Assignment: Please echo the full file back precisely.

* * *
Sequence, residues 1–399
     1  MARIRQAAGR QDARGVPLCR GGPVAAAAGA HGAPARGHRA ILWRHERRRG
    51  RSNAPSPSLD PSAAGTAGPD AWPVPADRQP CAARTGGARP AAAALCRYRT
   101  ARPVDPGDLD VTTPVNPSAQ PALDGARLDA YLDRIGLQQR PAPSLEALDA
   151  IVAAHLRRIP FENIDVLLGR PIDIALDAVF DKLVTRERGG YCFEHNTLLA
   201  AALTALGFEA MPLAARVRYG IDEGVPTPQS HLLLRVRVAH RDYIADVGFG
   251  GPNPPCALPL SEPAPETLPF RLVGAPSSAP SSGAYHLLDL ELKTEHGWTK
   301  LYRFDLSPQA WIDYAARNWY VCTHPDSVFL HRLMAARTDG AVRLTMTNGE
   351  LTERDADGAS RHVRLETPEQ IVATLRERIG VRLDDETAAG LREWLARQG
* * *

Sequence, residues 1–399
     1  MARIRQAAGR QDARGVPLCR GGPVAAAAGA HGAPARGHRA ILWRHERRRG
    51  RSNAPSPSLD PSAAGTAGPD AWPVPADRQP CAARTGGARP AAAALCRYRT
   101  ARPVDPGDLD VTTPVNPSAQ PALDGARLDA YLDRIGLQQR PAPSLEALDA
   151  IVAAHLRRIP FENIDVLLGR PIDIALDAVF DKLVTRERGG YCFEHNTLLA
   201  AALTALGFEA MPLAARVRYG IDEGVPTPQS HLLLRVRVAH RDYIADVGFG
   251  GPNPPCALPL SEPAPETLPF RLVGAPSSAP SSGAYHLLDL ELKTEHGWTK
   301  LYRFDLSPQA WIDYAARNWY VCTHPDSVFL HRLMAARTDG AVRLTMTNGE
   351  LTERDADGAS RHVRLETPEQ IVATLRERIG VRLDDETAAG LREWLARQG